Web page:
Tobacco Cessation and Prevention: Tobacco Cessation and Prevention |

Getting High - The New America: Trends of Cannabis Use Over the Past Decade From the National Inpatient Sample FREE TO VIEW

Paris Charilaou, MD; Kanishk Agnihotri, MD; Pablo Garcia, MD; Apurva Badheka, MD; Balaji Yegneswaran, MD
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Saint Peter's University Hospital, New Brunswick, NJ

Copyright 2016, American College of Chest Physicians. All Rights Reserved.

Chest. 2016;150(4_S):1298A. doi:10.1016/j.chest.2016.08.1413
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SESSION TITLE: Tobacco Cessation and Prevention

SESSION TYPE: Original Investigation Poster

PRESENTED ON: Wednesday, October 26, 2016 at 01:30 PM - 02:30 PM

PURPOSE: Cannabis has been a highly-debated and controversial issue nationwide. Its medicinal use has been decriminalized in 13 states so far, and talks about further legalization of its recreational use is under way. In this study, we examine the incidence of admissions with current cannabis usage in a 10-year National Inpatient Sample (NIS) from 2002 to 2011 and its relation to various demographic factors.

METHODS: We utilized the NIS database from 2002 to 2011, ages ≥ 18 years (66268963 admissions). The variable “cannabis use=1” was computed with the discharge diagnoses equal to any of the ICD-9 codes “304.30”, “304.31” and “304.32” (unspecified, continuous and episodic use, respectively). Prevalence of cannabis use in this 10-year snapshot, as well as its yearly incidence, were analyzed in correlation with age groups, gender, insurance, race, income classes, and pregnancy status. Continuous variables were analyzed using t-tests and ANOVA for trends. Categorical/ordinal variables were analyzed with the chi-square test and Cochran-Armitage test for trend.

RESULTS: The overall prevalence of reported cannabis use over this 10-year sample was 0.152% (n=101084). The annual incidence of admissions with cannabis use has increased from 2002 to 2011 (0.11% to 0.20% respectively; p<0.0001 for trend). The mean age of non-cannabis users was 57±21 years compared to 34±11 years of cannabis users (p<0.001). Ages 30-49 were the majority of admissions with cannabis use in 2002 (55.2%), with ages 18-29 trending upwards (p<0.0001), while ages 30-49 trending down (p<0.0001), resulting in a similar proportion of cannabis users by 2011 (43.3% and 43.1% respectively; p=0.777). The age group 50-69 has shown a steady increase from 6.4% in 2002 to 13.4% in 2011 (p<0.0001). Among all cannabis users, 67.1% were males and 32.9% were females, out of which 9.6% were pregnant. There was no significant trend in the annual incidence of pregnancy admissions with cannabis use, from 2002 to 2010 (p=0.38). The majority of cannabis users were White (57.2%), followed by Blacks (28.2%), Hispanics (8.6%), Native Americans (1.3%) and Asian/Pacific Islanders (0.7%). Among the cannabis users, the majority had Medicaid (38.0%) and Self-Pay (17.2%), whereas the majority of non-cannabis users had Medicare (44.8%) and Private Insurance (32.0%). Increasing income class was associated with lower proportion of cannabis users (p<0.0001).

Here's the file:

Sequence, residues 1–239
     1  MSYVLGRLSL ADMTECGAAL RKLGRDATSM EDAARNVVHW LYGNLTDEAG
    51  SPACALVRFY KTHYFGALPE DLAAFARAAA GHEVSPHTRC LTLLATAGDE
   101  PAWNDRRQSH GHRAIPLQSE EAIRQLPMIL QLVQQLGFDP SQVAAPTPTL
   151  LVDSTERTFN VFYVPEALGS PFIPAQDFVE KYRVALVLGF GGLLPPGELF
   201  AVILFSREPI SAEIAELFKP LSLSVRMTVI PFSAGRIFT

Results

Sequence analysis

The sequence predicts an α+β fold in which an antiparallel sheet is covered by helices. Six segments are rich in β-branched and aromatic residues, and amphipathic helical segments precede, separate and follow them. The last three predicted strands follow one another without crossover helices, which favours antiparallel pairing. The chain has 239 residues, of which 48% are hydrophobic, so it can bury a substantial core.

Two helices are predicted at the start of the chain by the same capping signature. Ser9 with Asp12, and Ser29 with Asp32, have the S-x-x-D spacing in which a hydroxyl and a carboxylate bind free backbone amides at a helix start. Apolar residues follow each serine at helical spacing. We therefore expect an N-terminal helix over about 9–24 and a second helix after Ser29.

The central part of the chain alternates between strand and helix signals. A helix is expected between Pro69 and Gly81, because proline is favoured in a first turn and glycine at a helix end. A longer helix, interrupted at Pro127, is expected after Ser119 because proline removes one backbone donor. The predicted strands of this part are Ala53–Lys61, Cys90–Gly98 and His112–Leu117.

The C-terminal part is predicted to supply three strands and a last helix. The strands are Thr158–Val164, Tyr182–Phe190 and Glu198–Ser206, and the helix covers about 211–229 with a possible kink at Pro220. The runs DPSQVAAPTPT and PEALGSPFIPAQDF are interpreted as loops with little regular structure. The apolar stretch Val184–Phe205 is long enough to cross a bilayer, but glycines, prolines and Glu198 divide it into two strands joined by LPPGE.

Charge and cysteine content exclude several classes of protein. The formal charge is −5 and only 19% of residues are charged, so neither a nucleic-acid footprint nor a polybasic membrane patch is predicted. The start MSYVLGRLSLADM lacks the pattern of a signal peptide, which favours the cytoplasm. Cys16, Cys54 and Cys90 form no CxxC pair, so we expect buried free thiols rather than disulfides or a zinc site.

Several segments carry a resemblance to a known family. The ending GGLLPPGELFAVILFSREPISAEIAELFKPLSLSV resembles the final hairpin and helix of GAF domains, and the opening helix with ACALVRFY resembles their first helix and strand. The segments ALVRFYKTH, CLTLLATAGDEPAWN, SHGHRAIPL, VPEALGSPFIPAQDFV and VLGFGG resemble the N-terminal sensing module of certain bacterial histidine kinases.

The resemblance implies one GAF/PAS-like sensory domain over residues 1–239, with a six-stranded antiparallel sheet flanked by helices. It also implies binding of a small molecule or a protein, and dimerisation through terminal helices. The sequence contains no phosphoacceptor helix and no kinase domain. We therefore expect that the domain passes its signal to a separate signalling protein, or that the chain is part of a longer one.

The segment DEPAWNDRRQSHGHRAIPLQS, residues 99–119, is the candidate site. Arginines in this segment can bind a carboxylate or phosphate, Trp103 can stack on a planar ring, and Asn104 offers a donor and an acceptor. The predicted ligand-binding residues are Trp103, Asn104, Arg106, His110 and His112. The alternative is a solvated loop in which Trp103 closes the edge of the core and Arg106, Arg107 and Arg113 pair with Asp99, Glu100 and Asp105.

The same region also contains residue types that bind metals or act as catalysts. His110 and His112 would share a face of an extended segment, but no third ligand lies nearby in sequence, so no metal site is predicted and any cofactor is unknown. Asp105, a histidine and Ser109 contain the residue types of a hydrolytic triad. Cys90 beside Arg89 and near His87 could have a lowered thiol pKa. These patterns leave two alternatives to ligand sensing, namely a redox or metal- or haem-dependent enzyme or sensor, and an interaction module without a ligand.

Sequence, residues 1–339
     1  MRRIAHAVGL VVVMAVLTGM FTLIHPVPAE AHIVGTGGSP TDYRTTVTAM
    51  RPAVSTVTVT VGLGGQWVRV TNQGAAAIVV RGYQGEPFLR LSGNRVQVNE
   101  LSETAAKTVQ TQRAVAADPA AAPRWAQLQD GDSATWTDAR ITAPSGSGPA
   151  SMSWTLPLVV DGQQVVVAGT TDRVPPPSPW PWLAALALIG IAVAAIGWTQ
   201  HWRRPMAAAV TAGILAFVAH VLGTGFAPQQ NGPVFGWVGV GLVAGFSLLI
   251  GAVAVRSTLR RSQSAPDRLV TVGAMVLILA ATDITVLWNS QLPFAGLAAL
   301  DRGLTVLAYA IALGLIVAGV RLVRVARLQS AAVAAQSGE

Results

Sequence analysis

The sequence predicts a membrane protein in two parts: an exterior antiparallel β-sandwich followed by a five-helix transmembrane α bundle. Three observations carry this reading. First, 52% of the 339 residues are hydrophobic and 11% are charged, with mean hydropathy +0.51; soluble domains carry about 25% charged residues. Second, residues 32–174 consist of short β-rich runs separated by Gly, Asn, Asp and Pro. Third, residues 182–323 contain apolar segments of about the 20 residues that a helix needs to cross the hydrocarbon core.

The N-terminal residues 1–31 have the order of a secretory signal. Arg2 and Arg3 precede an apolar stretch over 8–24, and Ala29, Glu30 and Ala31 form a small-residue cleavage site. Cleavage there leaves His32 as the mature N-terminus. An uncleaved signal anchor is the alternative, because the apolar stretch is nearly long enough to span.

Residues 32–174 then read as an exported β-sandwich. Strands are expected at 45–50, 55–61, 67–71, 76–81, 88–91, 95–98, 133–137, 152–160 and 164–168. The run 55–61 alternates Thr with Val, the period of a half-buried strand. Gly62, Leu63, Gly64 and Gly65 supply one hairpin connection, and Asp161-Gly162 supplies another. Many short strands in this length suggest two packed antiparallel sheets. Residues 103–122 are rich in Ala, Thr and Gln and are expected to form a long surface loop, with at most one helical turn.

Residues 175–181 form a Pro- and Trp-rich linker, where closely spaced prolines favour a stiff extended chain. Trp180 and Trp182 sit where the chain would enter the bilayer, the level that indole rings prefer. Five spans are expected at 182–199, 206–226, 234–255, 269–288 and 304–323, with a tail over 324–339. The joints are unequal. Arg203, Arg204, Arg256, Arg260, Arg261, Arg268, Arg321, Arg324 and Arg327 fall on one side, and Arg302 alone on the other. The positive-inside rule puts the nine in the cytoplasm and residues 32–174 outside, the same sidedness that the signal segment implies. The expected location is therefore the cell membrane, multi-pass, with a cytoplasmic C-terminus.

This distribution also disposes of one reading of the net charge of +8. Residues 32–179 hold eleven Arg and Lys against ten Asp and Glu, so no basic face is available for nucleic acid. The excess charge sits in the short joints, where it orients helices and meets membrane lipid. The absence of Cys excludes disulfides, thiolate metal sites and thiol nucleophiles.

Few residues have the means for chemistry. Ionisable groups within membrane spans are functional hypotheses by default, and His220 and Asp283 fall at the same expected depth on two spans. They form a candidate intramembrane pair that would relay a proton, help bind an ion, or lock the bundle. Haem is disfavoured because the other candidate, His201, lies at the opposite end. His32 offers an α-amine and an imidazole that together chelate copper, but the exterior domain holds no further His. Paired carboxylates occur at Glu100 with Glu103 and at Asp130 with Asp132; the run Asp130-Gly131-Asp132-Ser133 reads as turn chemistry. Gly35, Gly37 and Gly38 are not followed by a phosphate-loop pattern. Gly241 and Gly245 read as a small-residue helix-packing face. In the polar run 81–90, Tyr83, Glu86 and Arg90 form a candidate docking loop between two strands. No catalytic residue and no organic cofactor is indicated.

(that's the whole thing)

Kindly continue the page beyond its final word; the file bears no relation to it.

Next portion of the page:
CONCLUSIONS: Evidently, the incidence of cannabis use in the USA is rising, becoming more popular among adults under 30 years of age and less common among adults of ages 30-49. Cannabis incidence in middle-aged adults has more than doubled in a period of 10 years. Furthermore, there seems to be a strong socioeconomic link between income class and cannabis use.

CLINICAL IMPLICATIONS: Cannabis prevalence and trends in the inpatient setting have not been described in detail so far. We highlight the increasing trend in cannabis use in the inpatient population and its association with specific socioeconomic classes. Cannabis use has long been associated with increased organic and psychiatric comorbidity - physicians can now better anticipate any complications in hospital stay, ranging from social issues in discharge planning, to disease exacerbations.

DISCLOSURE: The following authors have nothing to disclose: Paris Charilaou, Kanishk Agnihotri, Pablo Garcia, Apurva Badheka, Balaji Yegneswaran

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